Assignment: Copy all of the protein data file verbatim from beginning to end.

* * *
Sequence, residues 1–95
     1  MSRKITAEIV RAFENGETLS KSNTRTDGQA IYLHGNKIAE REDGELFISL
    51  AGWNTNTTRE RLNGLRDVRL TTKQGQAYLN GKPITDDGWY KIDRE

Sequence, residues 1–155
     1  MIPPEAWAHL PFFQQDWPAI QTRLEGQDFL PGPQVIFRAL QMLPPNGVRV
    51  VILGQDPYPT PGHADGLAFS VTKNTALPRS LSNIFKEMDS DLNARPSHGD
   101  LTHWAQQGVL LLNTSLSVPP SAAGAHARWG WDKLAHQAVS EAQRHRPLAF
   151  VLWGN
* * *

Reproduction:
Sequence, residues 1–95
     1  MSRKITAEIV RAFENGETLS KSNTRTDGQA IYLHGNKIAE REDGELFISL
    51  AGWNTNTTRE RLNGLRDVRL TTKQGQAYLN GKPITDDGWY KIDRE

Sequence, residues 1–155
     1  MIPPEAWAHL PFFQQDWPAI QTRLEGQDFL PGPQVIFRAL QMLPPNGVRV
    51  VILGQDPYPT PGHADGLAFS VTKNTALPRS LSNIFKEMDS DLNARPSHGD
   101  LTHWAQQGVL LLNTSLSVPP SAAGAHARWG WDKLAHQAVS EAQRHRPLAF
   151  VLWGN